He cites a 2013 study published in the journal Sleep, which enrolled 400 snorers—half of whom wore earplugs during rest—to see if snoring sounds actually created ‘microarousals’ at night and if the earplug group would fare better. In short, the beneficial effects of wearing earplugs were most noted in men and people without obesity.

However, the study was limited in that:

  • It didn’t evaluate the same individuals with and without earplugs on separate nights
  • The effect was only seen in one type of respiratory cycle-related electroencephalographic changes (RCREC), though that type is an important indicator of sleep quality
  • The researchers noted that the ‘microarousals’ could be associated with increased breathing linked to snoring, rather than the sounds themselves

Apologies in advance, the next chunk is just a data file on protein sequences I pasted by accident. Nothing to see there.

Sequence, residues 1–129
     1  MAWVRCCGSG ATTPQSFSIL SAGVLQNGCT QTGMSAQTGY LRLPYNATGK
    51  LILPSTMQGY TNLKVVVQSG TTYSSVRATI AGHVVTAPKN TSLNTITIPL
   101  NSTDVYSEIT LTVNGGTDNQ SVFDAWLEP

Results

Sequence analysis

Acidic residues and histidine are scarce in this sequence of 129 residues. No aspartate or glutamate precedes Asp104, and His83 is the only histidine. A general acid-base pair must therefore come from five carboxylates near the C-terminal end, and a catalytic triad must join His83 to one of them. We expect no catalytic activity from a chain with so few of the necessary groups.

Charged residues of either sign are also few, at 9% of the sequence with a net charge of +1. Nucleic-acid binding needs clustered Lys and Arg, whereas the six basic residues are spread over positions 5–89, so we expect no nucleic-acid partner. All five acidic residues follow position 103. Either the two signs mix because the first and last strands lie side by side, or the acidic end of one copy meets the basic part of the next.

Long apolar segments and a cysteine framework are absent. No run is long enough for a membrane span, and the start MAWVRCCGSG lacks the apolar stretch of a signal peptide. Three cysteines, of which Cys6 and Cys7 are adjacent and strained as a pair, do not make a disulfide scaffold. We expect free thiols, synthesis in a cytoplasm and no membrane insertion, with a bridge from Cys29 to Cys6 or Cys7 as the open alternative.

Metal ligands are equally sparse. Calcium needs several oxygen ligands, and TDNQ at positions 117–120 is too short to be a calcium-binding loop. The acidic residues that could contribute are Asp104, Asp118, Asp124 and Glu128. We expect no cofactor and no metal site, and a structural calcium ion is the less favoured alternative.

“In essence, the loudness may play a role [in sleep quality],” Dr Kezirian summarizes, though it’s not inevitable.

When is snoring a cause for concern?

Perhaps you know you snore, but still clock up enough high-quality shut-eye and feel rested and energized upon awakening. In this case, do you really need to take measures to reduce snoring, or can you keep calm and carry on?

“People should be worried about their snoring if it is waking up others routinely, or if they have some of the potential consequences of obstructive sleep apnea (OSA),” Dr Kezirian explains. Snoring can (but won’t always) be a sign of this underlying sleep disorder.

(Image credit: Getty Images)

Obstructive sleep apnea has the potential to be dangerous in a few ways. “It differs from snoring alone in that there is blockage of breathing, usually in the throat,” the sleep doctor shares. “Because a person with obstructive sleep apnea will wake themselves up—often briefly and without their being aware of it—this can affect the quality of a person’s own sleep and leave them feeling unrefreshed when they awaken in the morning.”

But waking up groggy isn’t the only risk of OSA. “If the blockage in breathing occurs often (what is called moderate to severe obstructive sleep apnea), there can be health effects like high blood pressure and risks of stroke and heart attack,” Dr Kezirian warns.